Adriana LaGrange, Minister of Health

“The new Stollery Children’s Hospital project is the latest addition to Edmonton’s health care infrastructure. Building upon the successes of recent projects like the new emergency department at the Misericordia Community Hospital and Norwood West at the Gene Zwozdesky Centre, the new Stollery will help increase health care capacity in the capital region.”

Pete Guthrie, Minister of Infrastructure

Alberta’s government initially invested in the project in 2021, providing $1 million that was matched by the Stollery Children’s Hospital Foundation. The proposed investment in Budget 2024 will include $17 million in new funding, following the $3 million invested through last year’s budget, for a total investment of $21 million in government funding over four years.

The investment in a new stand-alone Stollery Children’s Hospital is not only important for families in the city of Edmonton and capital region, it is important for families living across northern Alberta. The Stollery Children’s Hospital serves families in a geographical area of more than 500,000 square kilometres, stretching from Red Deer to Alberta’s northernmost border with the Northwest Territories. Almost 40 per cent of inpatients at the Stollery come from outside the Edmonton area and the hospital is the closest and primary children’s hospital for residents of the Northwest Territories.

“The Stollery has an incredible reputation for the impact it makes in the community, and especially in northern Alberta. This stand-alone Stollery Children’s Hospital is a long-awaited, necessary project that will help provide additional health care services to children and their families when they need it the most.”

Martin Long, parliamentary secretary for rural health

“This remarkable investment will take us one step closer to our goal of building a reimagined Stollery Children’s Hospital for the future. A new Stollery is poised to provide the most innovative, modern and family-centred physical and mental health care to help bring hope and comfort to kids dealing with serious illness and injury. Thank you to the Government of Alberta for recognizing the very real need for this hospital.”

Karen Faulkner, interim chief executive officer, Stollery Children’s Hospital Foundation

“A new Stollery Children’s Hospital is urgently needed to provide dedicated care for our children. By separating kids from adults, a stand-alone Stollery ensures a nurturing environment and the most modern pediatric equipment and resources to offer families like ours a health care space designed exclusively for our children.”

Shelley Cormier, parent of Stollery patient

Plans for the new hospital include integrating mental health resources, virtual care, research and training facilities to better support patients and improve health outcomes. There will also be a focus on ensuring health care providers, parents and caregivers have the resources they need to support patients.

Alberta’s government remains dedicated to expanding and modernizing hospitals and facilities to provide Albertans with high-quality health care while increasing system capacity and supporting front-line health care workers.

“Alberta’s government is committed to building a stand-alone Stollery Children’s Hospital when planning is complete. A new facility would provide more beds, larger clinical spaces, more private rooms and dedicated areas for children and their families. There would also be more teaching spaces and state-of-the-art technologies to enhance health care delivery.”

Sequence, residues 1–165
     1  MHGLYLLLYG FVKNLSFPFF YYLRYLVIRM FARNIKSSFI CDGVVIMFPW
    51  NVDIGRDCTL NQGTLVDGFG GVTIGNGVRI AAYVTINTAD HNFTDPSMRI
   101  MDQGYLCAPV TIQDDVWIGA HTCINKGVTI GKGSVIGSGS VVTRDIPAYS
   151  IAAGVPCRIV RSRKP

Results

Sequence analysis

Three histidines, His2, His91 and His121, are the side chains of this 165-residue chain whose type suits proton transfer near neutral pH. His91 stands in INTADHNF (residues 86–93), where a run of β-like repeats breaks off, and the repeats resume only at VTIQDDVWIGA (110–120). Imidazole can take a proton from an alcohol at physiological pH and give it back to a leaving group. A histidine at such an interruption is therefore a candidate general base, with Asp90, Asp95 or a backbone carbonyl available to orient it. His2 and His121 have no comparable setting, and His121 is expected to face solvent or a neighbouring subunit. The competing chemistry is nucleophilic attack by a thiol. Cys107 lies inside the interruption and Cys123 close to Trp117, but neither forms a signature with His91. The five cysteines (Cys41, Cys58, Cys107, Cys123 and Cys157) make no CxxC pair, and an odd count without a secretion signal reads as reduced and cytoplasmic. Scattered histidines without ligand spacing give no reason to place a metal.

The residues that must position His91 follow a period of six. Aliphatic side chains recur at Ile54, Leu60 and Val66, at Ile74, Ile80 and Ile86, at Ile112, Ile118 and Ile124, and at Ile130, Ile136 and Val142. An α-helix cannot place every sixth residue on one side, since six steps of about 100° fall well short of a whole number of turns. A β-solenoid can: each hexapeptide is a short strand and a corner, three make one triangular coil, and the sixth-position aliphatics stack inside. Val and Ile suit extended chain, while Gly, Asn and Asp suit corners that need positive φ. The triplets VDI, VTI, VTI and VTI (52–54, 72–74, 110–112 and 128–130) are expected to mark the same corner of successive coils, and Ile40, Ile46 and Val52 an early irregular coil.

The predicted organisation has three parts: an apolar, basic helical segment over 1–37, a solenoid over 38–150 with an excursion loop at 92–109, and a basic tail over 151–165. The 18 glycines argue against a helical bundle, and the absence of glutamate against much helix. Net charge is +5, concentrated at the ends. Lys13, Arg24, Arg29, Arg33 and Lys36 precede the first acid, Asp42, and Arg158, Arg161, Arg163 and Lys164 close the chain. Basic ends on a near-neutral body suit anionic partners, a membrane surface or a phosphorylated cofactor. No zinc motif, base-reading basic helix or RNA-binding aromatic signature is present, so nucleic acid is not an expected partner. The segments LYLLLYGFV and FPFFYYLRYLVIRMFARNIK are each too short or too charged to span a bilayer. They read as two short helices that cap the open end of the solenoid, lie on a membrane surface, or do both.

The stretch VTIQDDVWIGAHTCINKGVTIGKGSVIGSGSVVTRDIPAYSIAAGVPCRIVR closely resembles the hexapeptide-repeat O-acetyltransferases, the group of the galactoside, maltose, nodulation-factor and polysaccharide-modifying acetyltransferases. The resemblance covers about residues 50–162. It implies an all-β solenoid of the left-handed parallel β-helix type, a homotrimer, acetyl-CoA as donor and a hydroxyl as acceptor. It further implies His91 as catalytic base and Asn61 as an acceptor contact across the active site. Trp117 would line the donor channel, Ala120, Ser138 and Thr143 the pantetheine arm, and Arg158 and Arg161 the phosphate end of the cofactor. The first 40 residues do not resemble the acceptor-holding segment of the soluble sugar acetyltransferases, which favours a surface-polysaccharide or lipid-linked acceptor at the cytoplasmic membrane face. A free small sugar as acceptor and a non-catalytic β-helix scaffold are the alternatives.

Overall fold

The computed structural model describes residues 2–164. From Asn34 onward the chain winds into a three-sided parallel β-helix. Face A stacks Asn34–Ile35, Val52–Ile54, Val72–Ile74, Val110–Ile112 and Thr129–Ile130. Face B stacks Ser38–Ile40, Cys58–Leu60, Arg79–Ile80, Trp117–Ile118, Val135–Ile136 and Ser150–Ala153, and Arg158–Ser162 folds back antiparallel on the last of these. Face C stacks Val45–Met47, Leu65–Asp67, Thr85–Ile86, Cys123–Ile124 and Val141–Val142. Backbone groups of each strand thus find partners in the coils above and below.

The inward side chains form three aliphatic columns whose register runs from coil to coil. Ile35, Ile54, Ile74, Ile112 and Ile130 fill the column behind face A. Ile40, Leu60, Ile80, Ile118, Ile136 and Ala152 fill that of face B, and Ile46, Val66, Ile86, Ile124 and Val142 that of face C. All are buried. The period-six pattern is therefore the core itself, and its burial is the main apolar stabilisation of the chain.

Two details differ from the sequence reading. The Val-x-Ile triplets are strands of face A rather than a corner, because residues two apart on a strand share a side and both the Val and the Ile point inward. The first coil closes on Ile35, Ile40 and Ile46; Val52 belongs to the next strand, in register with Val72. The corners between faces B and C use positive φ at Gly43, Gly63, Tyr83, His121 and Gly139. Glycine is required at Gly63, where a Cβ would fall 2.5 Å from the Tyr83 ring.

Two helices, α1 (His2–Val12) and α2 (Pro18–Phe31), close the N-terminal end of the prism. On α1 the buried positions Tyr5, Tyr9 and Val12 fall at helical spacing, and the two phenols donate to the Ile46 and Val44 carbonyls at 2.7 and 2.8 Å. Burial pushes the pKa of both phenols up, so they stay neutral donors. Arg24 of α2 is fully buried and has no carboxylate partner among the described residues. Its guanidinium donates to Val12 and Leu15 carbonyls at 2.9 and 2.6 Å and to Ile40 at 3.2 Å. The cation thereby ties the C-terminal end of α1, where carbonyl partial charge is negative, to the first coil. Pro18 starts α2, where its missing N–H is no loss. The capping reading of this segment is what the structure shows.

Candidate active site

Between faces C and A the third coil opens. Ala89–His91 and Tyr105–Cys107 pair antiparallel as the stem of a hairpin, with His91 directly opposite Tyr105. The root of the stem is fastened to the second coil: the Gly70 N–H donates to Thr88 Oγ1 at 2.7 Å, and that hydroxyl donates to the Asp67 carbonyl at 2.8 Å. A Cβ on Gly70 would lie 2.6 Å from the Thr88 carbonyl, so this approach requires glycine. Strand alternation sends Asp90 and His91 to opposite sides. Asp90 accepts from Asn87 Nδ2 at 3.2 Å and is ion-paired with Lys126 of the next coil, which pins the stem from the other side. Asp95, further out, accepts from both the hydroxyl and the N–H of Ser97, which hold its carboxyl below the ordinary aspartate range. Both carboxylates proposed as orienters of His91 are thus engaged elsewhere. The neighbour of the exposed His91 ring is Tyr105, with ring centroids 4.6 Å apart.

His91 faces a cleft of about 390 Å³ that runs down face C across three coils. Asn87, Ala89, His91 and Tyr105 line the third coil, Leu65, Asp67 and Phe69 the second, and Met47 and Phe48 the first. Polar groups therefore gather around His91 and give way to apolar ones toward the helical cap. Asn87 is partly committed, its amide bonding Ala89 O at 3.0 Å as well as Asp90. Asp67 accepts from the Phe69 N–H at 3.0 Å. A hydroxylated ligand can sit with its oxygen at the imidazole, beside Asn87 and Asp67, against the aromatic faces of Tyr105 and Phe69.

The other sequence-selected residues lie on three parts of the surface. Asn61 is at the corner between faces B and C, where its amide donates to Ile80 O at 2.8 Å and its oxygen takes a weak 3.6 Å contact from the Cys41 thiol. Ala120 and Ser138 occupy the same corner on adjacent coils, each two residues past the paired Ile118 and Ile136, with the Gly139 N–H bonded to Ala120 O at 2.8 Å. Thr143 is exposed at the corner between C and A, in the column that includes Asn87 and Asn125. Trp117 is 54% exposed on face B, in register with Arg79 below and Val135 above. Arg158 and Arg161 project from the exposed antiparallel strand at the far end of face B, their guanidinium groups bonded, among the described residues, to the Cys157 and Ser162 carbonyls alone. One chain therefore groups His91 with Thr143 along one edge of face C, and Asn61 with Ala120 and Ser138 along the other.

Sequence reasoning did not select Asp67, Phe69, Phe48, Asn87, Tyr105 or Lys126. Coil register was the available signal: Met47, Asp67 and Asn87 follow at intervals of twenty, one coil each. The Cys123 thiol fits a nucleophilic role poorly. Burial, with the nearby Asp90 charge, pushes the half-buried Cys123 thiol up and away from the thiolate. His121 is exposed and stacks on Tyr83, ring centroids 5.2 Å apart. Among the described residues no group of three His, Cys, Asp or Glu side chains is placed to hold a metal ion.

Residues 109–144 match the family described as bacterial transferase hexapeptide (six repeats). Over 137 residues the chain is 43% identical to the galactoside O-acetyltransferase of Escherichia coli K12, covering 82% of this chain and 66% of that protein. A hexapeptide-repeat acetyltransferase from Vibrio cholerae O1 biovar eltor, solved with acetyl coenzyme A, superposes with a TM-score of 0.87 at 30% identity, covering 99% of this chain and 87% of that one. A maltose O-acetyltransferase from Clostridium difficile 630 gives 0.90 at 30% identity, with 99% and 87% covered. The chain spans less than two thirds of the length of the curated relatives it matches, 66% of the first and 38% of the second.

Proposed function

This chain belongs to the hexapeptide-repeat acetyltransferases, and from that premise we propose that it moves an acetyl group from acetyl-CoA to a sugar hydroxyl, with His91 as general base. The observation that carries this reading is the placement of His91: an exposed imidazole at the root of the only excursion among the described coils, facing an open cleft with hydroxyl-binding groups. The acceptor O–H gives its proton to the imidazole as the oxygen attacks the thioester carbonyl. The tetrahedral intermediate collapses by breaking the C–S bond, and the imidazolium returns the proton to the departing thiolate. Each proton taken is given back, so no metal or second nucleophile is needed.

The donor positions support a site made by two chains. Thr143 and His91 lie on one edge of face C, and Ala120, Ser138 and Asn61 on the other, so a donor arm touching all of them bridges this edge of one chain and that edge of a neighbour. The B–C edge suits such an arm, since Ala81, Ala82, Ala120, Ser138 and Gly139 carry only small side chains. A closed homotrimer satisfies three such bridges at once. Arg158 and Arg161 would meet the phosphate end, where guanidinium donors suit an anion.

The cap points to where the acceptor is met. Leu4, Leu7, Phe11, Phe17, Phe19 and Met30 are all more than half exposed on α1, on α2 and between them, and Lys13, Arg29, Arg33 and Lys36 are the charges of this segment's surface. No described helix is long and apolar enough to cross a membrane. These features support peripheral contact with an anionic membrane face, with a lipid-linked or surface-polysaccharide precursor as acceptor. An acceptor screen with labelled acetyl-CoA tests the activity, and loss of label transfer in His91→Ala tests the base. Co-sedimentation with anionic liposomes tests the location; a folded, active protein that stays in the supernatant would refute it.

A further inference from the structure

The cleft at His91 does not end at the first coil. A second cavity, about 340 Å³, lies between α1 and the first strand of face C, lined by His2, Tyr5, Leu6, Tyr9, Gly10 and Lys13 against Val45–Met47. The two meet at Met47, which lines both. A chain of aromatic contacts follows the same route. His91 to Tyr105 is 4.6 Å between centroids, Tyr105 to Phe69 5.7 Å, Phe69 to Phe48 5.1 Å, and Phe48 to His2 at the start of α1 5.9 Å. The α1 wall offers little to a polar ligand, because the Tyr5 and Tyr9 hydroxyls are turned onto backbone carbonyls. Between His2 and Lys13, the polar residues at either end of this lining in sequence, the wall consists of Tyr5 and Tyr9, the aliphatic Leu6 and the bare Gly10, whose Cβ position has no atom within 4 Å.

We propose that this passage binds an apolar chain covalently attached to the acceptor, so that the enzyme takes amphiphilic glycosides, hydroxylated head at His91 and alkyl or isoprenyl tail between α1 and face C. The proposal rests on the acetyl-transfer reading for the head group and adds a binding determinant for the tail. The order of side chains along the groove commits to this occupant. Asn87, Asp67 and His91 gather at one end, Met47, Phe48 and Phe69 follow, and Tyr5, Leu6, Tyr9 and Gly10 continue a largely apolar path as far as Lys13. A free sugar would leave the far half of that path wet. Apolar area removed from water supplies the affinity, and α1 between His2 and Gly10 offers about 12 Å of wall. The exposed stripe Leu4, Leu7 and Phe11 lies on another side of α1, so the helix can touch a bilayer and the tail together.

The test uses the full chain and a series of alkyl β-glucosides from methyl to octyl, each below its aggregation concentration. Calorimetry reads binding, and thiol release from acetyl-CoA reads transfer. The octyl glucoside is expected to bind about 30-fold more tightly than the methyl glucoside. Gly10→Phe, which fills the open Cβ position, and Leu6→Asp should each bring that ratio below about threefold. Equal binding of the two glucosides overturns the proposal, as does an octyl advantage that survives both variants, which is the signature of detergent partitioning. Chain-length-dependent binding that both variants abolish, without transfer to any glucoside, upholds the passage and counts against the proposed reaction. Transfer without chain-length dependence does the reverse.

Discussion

Dr. Lyle Oberg, executive board chair, Alberta Health Services

Quick facts

  • Established in 2001, the Stollery Children’s Hospital is a full-service pediatric hospital and centre for complex pediatric care and research.
  • The Stollery Children’s Hospital sees about 300,000 children, 55,000 emergency room visits and 12,000 surgeries annually.

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Male suspect involved in tragic incident between Beaumont and Edmonton sought by police; EPS release photos of suspect

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News release from the Edmonton Police Service (EPS)

The Edmonton Police Service (EPS) is assisting the RCMP with the investigation into a tragic incident that claimed the life of an innocent woman last night on 50 Street.

Yesterday, Saturday, Feb. 24, 2024, at approximately 9:40 p.m. various EPS resources were deployed to the area of 50 Street and 22 Avenue SW at the request of the RCMP. It was reported to police that RCMP attempted to conduct a traffic stop on a suspicious U-Haul in Beaumont, when the vehicle fled. The U-Haul subsequently travelled north on 50 Street into Edmonton, where it struck and killed a woman inspecting the exterior of her vehicle. Moments later the U-Haul came to rest just outside a gas station off of 22 Avenue and 50 Street.

After crashing the U-Haul, the male suspect then reportedly stole a Honda Civic that was parked outside the gas station with a child inside. Police did consider an Alert to the public at the time, though thankfully the child was located unharmed in the area of 66 Street and 25 Avenue minutes later. The suspect then fled the scene in the Honda Civic. The stolen vehicle has since been recovered outside of Edmonton.

The EPS and RCMP continue to actively seek the identity and whereabouts of the male suspect described as being approximately 5’11” who was last seen wearing a black hoodie with white text on the front, brown shorts and black shoes. CCTV photos of the suspect are included below.

“We are incredibly saddened to hear about the tragic death of the innocent woman who was killed on 50 Street,” says Det. Nigel Phillips with the EPS Investigative Response Team. “Our hearts are with her family and friends who will now have to carry on with this unfathomable loss.”

“We are doing everything we can to track down the suspect and we trust the public will help us identify and locate him as soon as possible.”

Assist to identify and locate: Male suspect running in area of 50 Street & 22 Avenue SW
While the RCMP is leading this investigation, the EPS is assisting and working collaboratively with its law enforcement partners.

Anyone with information about the suspect’s identity and/or their whereabouts is asked to contact the EPS immediately at 780-423-4567 or #377 from a mobile phone. Anonymous information can also be submitted to Crime Stoppers at 1-800-222-8477 or online at